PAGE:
Calligrapher Creates Gorgeous Chalkboard Signs Around Town

Calligrapher Creates Gorgeous Chalkboard Signs Around Town

Meet the face behind custom-made chalkboard signs at local restaurants and welcome signs at Chapel Hill Weddings--Marika Wendelken.

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Photo by Briana Brough

Marika Wendelken remembers her first encounter with lettering. Sitting in her first-grade classroom with a sheet of dotted lined paper in front of her, Marika took her time during the cursive lesson. “I don’t know why, but I was doing all these curly qs on the letters, and the teacher was like, ‘You have to finish that up. We’re out of time,’” she recalls. “I think that was my first fascination.”

You can’t really blame her for the flourishes – ink runs in her blood. Her parents met in art school and her dad was a graphic designer who was behind a redesign of the classic Uno card game. “Growing up, we always had pens and pencils and all the paper we could want,” she says. She gravitated toward art supplies during her childhood that began in Columbus, Ohio, and took her through five other states. Soon Marika put chisel-tip pen to paper in her first and only calligraphy class.

SEEING SIGNS

But it was ballet that became her main artistic outlet as she trained classically for years. During college at the University of Georgia, her parents moved to Durham and later she followed suit, securing a gig at Foster’s Market. “I appointed myself to be the sign maker because we had different items every day, and we had to make a little descriptive sign [for each one],” Marika says. “I would get really into it, and then Sara hired me to do the chalkboard menus.” Her childhood fascination paid off as people saw the menus and asked her to do small jobs in the area. But soon, another passion took hold as she pursued massage therapy. “Having been a dancer, I was already interested in how the body worked. Massage therapy seemed to fit perfectly,” she says. “I love working with my hands and being active and physical.”

Marika spent nearly two decades at day spas and in private practice until someone who remembered her chalkboard signs asked if she could do one for a wedding shoot at The Cookery in Durham. “It was one of those perfect storms of opportunity and people and everything crossing paths at the same time,” she says. The signs got her noticed and Marika, who’s now based in Mebane, realized she was ready for more. She started getting regular jobs – like the Buns and Joe Van Gogh menu boards – through word of mouth.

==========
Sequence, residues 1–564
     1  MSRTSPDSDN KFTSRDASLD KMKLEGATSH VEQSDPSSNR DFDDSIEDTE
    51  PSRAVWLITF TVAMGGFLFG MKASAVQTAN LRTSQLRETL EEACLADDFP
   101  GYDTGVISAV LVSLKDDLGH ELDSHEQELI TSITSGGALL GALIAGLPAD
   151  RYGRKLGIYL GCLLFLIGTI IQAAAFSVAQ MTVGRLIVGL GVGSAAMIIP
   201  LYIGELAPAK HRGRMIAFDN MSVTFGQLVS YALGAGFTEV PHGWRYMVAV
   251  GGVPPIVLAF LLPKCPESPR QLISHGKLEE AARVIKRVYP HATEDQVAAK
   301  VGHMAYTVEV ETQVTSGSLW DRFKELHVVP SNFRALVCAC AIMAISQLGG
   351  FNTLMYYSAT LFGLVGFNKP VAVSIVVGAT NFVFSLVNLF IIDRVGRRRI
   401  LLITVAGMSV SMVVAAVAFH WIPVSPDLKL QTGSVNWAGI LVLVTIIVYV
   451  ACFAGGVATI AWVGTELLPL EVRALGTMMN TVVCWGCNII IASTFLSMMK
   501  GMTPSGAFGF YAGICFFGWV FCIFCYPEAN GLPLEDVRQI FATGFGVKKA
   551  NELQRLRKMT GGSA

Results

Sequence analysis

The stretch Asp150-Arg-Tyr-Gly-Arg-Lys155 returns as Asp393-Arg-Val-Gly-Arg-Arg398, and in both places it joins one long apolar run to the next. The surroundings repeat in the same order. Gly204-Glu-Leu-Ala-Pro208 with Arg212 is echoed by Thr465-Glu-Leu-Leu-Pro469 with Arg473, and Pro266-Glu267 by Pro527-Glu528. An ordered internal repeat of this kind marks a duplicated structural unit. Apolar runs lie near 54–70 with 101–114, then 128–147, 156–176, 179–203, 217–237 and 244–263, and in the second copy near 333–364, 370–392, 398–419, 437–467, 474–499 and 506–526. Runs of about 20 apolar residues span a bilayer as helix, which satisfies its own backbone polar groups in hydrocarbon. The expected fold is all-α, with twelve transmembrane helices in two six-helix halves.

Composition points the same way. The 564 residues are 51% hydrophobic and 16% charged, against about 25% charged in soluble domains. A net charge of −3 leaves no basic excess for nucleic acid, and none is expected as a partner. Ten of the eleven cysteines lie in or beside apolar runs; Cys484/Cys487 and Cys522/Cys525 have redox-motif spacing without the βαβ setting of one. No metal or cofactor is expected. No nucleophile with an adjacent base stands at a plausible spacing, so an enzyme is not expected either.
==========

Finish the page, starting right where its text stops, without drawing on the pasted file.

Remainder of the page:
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Photo by Briana Brough

CUSTOM CREATIONS

Chances are, if you’ve been to a wedding or event at local venues like The Rickhouse or The Stockroom at 230, you’ve seen her work. You may have received a wedding invite in an envelope addressed by Marika, but more likely, you’ve seen one of her welcome signs or seating charts in handwriting that many wish they had. What you’re not seeing is all the planning and hard work behind each custom creation. It starts with a consultation. “Some people have a clear idea of what they want, but other people are like, ‘I love your work. This is sort of our look. Go for it.’ It just depends on the couple,” Marika says. From there, she’s off to sketching and communicating back and forth with her clients, tweaking the design. On the day of, she’ll arrive early with the trusty chalk box she’s had since college and start by laying out the lettering and sketching lightly in chalk. “With big pieces, I have to keep stepping back to make sure [my design is straight],” she says. “It’s hard to tell exactly how long things will take, but [some] can take six to eight hours.” Sometimes she’s on site finishing right up until the first guest arrives.

At the end of a long day, Marika is thrilled to have created something meaningful for a couple’s celebration. “It’s really personal and sweet,” she says. “It’s a nice contribution to make.” Couples love the detail she puts in every design, and some have even wanted a chalkboard keepsake, something Marika is now offering. As her schedule picks up with more work, her ultimate goal is to make calligraphy and lettering her full-time job. “I’m building toward that, and it seems to be happening, which is great,” Marika says. “Being a one-person show, there’s only so much that I can do.”